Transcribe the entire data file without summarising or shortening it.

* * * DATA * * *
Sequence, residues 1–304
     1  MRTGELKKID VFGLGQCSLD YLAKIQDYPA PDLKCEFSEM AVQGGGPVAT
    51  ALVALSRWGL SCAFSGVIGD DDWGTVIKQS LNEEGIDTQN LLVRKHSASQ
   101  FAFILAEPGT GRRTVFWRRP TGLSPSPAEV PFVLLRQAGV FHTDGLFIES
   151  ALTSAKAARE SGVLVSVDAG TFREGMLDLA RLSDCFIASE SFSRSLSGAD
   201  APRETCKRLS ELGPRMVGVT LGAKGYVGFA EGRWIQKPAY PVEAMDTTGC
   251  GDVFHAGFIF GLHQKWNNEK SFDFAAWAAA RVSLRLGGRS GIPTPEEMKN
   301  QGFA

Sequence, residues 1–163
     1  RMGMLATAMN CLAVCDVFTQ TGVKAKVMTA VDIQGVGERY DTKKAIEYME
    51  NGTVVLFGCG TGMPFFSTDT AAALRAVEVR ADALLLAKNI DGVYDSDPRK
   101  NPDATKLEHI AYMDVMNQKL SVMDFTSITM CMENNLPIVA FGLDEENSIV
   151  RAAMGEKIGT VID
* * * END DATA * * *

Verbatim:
Sequence, residues 1–304
     1  MRTGELKKID VFGLGQCSLD YLAKIQDYPA PDLKCEFSEM AVQGGGPVAT
    51  ALVALSRWGL SCAFSGVIGD DDWGTVIKQS LNEEGIDTQN LLVRKHSASQ
   101  FAFILAEPGT GRRTVFWRRP TGLSPSPAEV PFVLLRQAGV FHTDGLFIES
   151  ALTSAKAARE SGVLVSVDAG TFREGMLDLA RLSDCFIASE SFSRSLSGAD
   201  APRETCKRLS ELGPRMVGVT LGAKGYVGFA EGRWIQKPAY PVEAMDTTGC
   251  GDVFHAGFIF GLHQKWNNEK SFDFAAWAAA RVSLRLGGRS GIPTPEEMKN
   301  QGFA

Sequence, residues 1–163
     1  RMGMLATAMN CLAVCDVFTQ TGVKAKVMTA VDIQGVGERY DTKKAIEYME
    51  NGTVVLFGCG TGMPFFSTDT AAALRAVEVR ADALLLAKNI DGVYDSDPRK
   101  NPDATKLEHI AYMDVMNQKL SVMDFTSITM CMENNLPIVA FGLDEENSIV
   151  RAAMGEKIGT VID